Sometimes, things in life just don’t work out. Many mothers (…and fathers too) hope to have a girl over a boy or vice versa. Often times though, mothers like you and me find out we’ll be having a son and not a daughter.
In many cases, this leads to what’s officially coined ‘gender disappointment’ in which parents may suffer varying degrees of sadness or maybe even depression over their baby’s gender.
Many mothers have expressed disappointment they will have a boy rather than a girl. Desires to go shopping together in the future, talk ‘girl stuff’ or plan their daughter’s wedding are suddenly smashed when it’s learned a boy will be born instead. One mother became concerned she wouldn’t be able to relate to her son since she had little knowledge or interest in sports, action figures and so on.
Not only can a mother or father feel a sense of loss from their own feelings, outside pressures from expectant grandparents and their preferences can lead to gender disappointment and depression too.
Feelings like this are completely normal and nothing to feel bad about…unfortunately, many mothers do feel guilty about having these feelings, which is never a good thing.
Harboring these feelings and not discussing them with your spouse, midwife or therapist can cause much damage down the road. Anger or disappointment toward the child, lack of interest in the child or an exacerbation of postpartum depression can ensue.
How do I as a parent who desired a particular gender child deal with these feelings?
Director of Nursing at Princeton Family Care Assoicates in Princeton, New Jersey, Joyce A. Venis, RNC, explains to her patients “…that feelings are not right or wrong, good or bad, they are just feelings. And you are entitled to those feelings. It’s what you do with them that really counts.”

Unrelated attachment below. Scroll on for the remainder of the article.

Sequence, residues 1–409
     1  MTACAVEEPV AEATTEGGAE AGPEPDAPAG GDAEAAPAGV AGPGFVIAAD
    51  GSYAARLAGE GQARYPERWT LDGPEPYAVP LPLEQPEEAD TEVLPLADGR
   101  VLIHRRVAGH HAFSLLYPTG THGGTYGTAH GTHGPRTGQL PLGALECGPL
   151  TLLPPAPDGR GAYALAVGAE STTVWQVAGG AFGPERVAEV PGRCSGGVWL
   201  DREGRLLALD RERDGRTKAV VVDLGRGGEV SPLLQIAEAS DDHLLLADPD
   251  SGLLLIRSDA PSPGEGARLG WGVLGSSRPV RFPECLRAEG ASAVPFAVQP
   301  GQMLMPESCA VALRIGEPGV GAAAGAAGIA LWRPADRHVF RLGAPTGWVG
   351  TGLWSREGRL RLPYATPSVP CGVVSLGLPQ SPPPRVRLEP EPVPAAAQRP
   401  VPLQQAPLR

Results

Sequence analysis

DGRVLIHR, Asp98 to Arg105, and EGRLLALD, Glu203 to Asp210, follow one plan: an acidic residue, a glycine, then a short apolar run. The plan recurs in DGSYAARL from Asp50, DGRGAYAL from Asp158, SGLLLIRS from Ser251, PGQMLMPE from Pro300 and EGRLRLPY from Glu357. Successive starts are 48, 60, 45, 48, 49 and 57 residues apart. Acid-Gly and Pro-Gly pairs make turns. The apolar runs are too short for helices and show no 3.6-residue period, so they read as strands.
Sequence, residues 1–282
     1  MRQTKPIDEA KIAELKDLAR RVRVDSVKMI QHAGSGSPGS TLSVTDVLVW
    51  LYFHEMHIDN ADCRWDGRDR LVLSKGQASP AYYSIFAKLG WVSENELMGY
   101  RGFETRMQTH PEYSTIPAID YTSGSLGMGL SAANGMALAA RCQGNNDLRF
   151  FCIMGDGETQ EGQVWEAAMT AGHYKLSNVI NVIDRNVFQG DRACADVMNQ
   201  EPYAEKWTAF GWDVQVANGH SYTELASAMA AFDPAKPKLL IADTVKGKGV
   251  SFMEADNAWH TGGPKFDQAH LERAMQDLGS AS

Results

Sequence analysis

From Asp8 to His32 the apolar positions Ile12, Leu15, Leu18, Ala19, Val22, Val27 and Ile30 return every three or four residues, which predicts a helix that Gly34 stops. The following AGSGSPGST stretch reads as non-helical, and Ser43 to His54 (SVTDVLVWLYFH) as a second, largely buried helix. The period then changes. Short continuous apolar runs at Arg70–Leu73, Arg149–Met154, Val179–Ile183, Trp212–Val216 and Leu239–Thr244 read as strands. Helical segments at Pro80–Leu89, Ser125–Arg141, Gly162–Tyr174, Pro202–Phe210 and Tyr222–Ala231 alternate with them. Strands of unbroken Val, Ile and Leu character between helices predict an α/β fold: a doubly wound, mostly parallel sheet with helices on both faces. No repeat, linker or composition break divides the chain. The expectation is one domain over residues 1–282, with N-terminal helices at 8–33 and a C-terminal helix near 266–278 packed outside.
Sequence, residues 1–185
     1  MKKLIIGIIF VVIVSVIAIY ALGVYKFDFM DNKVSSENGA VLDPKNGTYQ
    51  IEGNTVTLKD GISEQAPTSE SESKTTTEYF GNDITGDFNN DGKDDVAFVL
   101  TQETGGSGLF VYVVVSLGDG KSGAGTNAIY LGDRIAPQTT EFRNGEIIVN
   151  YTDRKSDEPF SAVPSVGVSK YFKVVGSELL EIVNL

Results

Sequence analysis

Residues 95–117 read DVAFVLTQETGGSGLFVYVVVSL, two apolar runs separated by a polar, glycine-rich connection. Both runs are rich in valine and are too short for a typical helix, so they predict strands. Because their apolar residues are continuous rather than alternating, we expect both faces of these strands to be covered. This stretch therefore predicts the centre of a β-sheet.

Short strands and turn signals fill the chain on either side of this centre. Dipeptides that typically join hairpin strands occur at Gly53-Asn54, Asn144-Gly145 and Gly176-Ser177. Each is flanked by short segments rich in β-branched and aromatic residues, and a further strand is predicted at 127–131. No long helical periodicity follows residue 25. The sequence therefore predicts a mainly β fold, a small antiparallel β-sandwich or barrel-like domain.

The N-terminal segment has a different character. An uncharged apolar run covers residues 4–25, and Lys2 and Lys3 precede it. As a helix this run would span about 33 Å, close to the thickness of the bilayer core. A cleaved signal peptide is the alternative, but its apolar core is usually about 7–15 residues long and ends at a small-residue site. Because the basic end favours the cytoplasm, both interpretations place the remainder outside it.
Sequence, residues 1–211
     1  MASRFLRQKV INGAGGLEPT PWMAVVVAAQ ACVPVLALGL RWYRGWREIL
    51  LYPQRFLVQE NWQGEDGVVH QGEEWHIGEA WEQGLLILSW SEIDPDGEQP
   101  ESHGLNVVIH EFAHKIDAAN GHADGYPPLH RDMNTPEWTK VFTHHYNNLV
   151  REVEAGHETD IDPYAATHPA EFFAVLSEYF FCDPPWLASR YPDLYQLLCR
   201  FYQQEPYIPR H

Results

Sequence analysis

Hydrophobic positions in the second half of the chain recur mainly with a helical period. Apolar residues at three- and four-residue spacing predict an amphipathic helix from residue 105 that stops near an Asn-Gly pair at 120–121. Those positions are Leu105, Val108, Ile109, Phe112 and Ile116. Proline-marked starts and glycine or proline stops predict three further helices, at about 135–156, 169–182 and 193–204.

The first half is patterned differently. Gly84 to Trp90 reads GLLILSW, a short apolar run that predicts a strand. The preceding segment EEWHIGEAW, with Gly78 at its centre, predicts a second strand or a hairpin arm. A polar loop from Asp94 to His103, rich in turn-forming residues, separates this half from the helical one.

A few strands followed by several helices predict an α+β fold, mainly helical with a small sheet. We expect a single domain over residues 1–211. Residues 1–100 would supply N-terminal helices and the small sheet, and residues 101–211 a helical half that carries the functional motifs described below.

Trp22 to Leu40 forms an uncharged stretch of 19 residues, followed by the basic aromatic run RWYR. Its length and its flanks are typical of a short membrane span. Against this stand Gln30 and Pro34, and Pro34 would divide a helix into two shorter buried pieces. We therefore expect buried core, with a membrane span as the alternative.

One of the best ways, and first steps to dealing with gender disappointment is to admit your feelings to someone you trust – your spouse, friend, midwife or some other medical professional. Doing so early on greatly reduces the chances of complications down the road.
“Husbands and partners should encourage [the mother] to talk about her feelings and to listen,” Venis suggests. “Let her say things like ‘I won’t be able to play Barbies with him’ or ‘The clothes for boys out there are just terrible.’ Don’t interrupt and say things like ‘But they have such nice things in the boys’ department at Macy’s.’ It isn’t the same, and this is just denying her feelings.”
To avoid these feelings of disappointment, depression and isolation, Dr. Ruth Wilf, a certified nurse midwife at Pennsylvania Hospital in Philadelphia suggests mothers forego learning about their baby’s sex through an ultrasound. But if you do go ahead and learn the baby’s gender, the period between finding out and birth can be a good time to work through any emotions.
In the end though, most mothers’ feelings of disappointment greatly subside after their child is born.
Dr. Wilf explains “Once the child is born, you will fall in love with the individual baby and then the sex doesn’t matter as much because little boys and little girls all have varying attributes. After a while, you can’t imagine that you could have any other baby than this baby.”
Therefore, if you have feelings of disappointment on the gender of your baby, don’t feel bad about yourself. Be honest about your feelings and find support with loved ones and medical professionals.
Midwives at Gainesville’s All About Women provide this kind of crucial support. Some of us are mothers too and can personally relate to many experiences. When visiting our Gainesville office for your pregnancy care, please feel free to discuss any feelings like this and how to deal with them.